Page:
‘One of the many puzzles associated with the Islamic Republic of Iran (IRI) has been the mechanisms through which the state functions and its relationship with society at large. While many studies have attempted to study the IRI state in the context of elite factionalism, economic policy, foreign policy and state use of violence, fewer studies had paid attention to state-society relationship. In this context, Janne Bjerre Christensen’s study is a fresh and welcomed addition to the study of Iran after the 1979 revolution. Her choice to approach the problem is unique and intriguing, as she has chosen the state policy toward drug addiction and use in Iranian society. This book furthermore provides a useful background on the reform movement and change of policy as the reform administration of Khatami gave way to the Ahmadinejad administration. Therefore, in addition to its research value, the book is useful for those looking for an analysis of recent Iranian history.’ –Maziar Behrooz, Associate Professor of History, San Francisco State University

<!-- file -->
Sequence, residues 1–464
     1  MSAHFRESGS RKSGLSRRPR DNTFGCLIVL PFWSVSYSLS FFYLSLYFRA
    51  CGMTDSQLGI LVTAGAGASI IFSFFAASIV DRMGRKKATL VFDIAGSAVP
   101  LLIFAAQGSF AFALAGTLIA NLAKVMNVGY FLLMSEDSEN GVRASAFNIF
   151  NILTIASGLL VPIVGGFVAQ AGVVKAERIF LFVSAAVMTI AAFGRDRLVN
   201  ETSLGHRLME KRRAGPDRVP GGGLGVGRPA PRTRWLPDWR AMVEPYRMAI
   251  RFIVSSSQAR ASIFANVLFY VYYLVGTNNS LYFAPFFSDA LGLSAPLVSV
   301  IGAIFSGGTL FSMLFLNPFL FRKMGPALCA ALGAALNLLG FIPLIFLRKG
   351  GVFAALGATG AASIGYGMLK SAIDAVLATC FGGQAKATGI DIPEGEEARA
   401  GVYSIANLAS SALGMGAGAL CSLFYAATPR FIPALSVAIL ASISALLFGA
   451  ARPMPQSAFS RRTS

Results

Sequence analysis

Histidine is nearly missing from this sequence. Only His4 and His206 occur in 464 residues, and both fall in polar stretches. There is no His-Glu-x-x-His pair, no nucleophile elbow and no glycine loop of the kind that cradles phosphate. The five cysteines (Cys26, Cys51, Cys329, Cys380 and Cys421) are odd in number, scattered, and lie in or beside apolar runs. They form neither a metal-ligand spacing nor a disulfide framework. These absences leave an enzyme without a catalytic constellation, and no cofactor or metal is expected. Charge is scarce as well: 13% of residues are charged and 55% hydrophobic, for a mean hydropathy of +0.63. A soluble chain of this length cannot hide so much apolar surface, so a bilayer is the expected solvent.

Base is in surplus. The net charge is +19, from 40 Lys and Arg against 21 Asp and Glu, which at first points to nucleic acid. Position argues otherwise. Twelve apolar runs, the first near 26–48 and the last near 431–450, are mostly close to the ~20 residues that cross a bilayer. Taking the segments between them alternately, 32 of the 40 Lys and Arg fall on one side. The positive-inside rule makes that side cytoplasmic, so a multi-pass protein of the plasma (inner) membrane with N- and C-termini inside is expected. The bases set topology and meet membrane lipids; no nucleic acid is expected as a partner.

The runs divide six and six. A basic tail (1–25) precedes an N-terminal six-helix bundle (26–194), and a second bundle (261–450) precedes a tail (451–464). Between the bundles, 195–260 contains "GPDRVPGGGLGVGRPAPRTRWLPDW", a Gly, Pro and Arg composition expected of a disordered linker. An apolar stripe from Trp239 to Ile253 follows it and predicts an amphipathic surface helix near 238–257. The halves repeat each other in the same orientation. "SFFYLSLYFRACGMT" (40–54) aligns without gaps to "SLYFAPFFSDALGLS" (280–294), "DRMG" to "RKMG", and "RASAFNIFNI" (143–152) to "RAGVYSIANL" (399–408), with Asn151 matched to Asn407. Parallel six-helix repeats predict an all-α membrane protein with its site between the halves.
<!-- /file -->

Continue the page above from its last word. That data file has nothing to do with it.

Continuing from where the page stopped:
‘Janne Bjerre Christensen’s research offers a new knowledge on the work of NGOs in relation to state power in Iran. In this rigorous analysis she links politics and drugs with civic culture to present an integrated analysis of the private and public lives of different classes of Iranians and their modes of resistance to state power. This book provides an excellent analysis of post-revolutionary Iranian state and a solid analysis of the role of NGOs in Iran. Compared to the work of many other researchers on Iran, Christensen’s stands out because of her focus on the concept of civil society in the Iranian context and the recognition of its potentials in the changing notions of authority. It is with no doubt a valuable addition to the current scholarship on Iran.’ –Ramin Jahanbegloo, Professor of Political Science and Research Fellow in the Centre for Ethics at University of Toronto
About the Author
Janne Bjerre Christensen holds a PhD in International Development Studies from Roskilde University, Denmark. Educated in anthropology at the School of Oriental and African Studies (SOAS), University of London and the University of Copenhagen, where she also taught.